Mark Branz has always taken pride in becoming what he calls a ‘self-made’ baseball player.
The ace of the Gibault Hawks pitching staff for the past two seasons has been a key player for coach Andy Skaer’s team since the opening game of his freshman season.
But Branz, by his own admission, is not a great athlete. Instead he used his worth ethic and passion for the game to become the 2019 News-Democrat Class 1A-2A player of the year.
“I really feel like I made myself a ballplayer. I really pride myself in that because when I play select ball and I go to these (baseball) showcases, I feel like the worst athlete on the field. But because I’ve made myself into a good enough ballplayer I’m able to compete with those guys,” Branz said. “I feel like I may be one the slowest guys and I may have the worst vertical (jump) but because I have trained so hard, I am able to compete.”
In 2019, Branz and the Gibault Hawks did more than just compete
A Class 1A first team Illinois High School Baseball Coaches Association all-state selection, Branz was just one of several standout players on a Hawks team that reached the state championship game in May in its third-ever appearance at the state tournament.
Branz his .442 with two home runs and 26 RBI while batting in the middle of a Hawks lineup that featured six player with batting averages of .329 or better. On the mound, Branz finished his senior season with a 9-1 record and 4.17 ERA in 11 starts while helping the Hawks to a 27-9 record.
But while the Hawks came up just short of the Class 1A state title, losing 14-5 to Ottawa Marquette in the championship game at Dozer Park in Peoria, Branz and Gibault continued a stretch of strong baseball played in Monroe County. The Hawks second place finish follows consecutive second place finishes from Monroe County rival Valmeyer in 2017 and 2018, and Waterloo finished third in the Class 3A tournament this season.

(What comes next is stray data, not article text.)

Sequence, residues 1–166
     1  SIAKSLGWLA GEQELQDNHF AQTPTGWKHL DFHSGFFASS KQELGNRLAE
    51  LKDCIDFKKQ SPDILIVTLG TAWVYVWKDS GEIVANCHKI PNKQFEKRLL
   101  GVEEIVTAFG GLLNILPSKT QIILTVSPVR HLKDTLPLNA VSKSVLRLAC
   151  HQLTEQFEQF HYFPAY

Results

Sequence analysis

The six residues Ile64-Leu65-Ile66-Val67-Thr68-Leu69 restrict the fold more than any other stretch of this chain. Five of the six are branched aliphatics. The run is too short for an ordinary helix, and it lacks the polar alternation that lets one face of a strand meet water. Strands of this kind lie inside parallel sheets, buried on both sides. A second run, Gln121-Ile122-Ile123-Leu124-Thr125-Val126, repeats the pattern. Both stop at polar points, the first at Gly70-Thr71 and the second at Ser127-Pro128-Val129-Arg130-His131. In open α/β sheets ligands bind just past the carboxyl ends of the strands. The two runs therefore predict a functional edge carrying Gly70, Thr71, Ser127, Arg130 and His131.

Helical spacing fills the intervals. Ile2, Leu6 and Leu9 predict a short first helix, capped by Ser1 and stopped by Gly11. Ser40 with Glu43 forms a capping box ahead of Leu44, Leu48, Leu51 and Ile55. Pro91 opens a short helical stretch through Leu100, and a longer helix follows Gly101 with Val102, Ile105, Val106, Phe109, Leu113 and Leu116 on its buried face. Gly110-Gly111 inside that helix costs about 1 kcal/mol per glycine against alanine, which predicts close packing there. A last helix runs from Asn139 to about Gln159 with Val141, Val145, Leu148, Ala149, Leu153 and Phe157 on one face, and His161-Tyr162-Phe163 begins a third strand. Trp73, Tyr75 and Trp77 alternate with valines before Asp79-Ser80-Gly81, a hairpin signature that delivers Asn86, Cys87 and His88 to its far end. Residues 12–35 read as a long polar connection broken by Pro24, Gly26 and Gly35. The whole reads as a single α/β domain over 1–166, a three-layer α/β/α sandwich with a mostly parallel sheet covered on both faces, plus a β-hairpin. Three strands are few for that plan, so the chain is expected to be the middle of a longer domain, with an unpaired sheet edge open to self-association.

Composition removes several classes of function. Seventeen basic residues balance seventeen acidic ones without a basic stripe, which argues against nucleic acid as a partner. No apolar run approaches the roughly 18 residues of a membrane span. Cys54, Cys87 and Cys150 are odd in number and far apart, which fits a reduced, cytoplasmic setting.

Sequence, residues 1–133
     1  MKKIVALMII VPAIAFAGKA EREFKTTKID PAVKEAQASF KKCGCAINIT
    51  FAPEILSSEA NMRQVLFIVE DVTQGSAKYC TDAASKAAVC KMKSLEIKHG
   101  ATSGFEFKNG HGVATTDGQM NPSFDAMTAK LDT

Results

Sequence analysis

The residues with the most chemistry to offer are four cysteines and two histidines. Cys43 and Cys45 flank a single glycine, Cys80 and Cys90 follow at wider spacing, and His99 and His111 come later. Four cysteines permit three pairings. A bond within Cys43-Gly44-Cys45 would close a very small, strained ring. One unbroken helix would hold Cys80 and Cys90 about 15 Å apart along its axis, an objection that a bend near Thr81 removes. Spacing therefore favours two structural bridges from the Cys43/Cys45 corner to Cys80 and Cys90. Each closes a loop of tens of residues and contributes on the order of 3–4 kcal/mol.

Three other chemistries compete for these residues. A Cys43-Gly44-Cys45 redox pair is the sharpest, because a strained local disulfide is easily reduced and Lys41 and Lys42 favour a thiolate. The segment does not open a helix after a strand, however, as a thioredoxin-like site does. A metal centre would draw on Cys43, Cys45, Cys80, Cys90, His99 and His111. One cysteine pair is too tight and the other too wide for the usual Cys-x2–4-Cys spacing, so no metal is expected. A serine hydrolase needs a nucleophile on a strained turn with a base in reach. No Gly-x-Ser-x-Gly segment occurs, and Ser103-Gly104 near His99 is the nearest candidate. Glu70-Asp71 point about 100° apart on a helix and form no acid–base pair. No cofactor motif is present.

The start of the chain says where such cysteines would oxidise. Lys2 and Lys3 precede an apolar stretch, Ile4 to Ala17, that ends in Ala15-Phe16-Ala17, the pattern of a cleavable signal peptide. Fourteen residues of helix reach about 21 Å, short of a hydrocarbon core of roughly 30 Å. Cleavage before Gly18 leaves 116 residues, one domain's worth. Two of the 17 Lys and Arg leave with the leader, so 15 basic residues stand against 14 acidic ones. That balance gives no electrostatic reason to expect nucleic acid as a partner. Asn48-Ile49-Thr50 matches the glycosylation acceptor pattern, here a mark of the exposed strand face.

“I finally watched the state final game,” Branz said. “It was kind of tough to accept at first. But it’s kind of kicked in now. It’s not what we wanted, but second place is nothing to be sad about. It was an incredible run with an incredible team.
“The difference for me this year was confidence. I had that ‘me vs. you’ mentality at the plate and ‘I’m better than you’ type approach that really helped me take step forward mentally. The offensive numbers came. I never really worry about them, but things seemed to work out well.”
Branz’s spectacular career got a boost early in his freshman season when coach Andy Saker put him in the lineup early in 2016.
“Mark came in as a freshman and we knew he was a talented player. Throughout his career he’s played all around the infield and then the last couple of years, he’s pitched a lot of innings ... high quality innings for us,” Skaer said. “He’s a wonderful young man. I’ve talked a lot about him and in the 15 years I’ve been at Gibault, he’s probably our hardest working athlete. And if he’s not, he’s in our top two.
“When we would have open gyms in the winter, he would beat me and that’s never happened before. I would try to get there first and when I would, he would be here already with the gym halfway set up. That’s the type of leadership he showed. Mark was always the first guy to get here and last one to leave. It was a lot fun watching him have the type of year he had this year.”
Continuing his career with the McKendree Bearcats
Branz will continue his baseball career at McKendree University in Lebanon beginning in August where he will be a member of the Bearcats baseball program. He has been told by the Bearcats coaching staff that he will have the opportunity to both pitch and play in the field.
“I had some offers from some smaller schools. But the coaches seem like we really wanted me here. (McKendree),” Branz said. “Plus its close to home and it was important to me to be close enough to where my parents can come and and see me play.”
But no matter what Branz accomplishes at the college level he has many fond memories of Gibault to fall back on.
“This team this season was the closest one I have played on. From the time school started through fall baseball, to working out in the weight room to open gyms and then when the season started, our entire focus was getting to the state tournament. We got there. We just fell a little short of the state title.”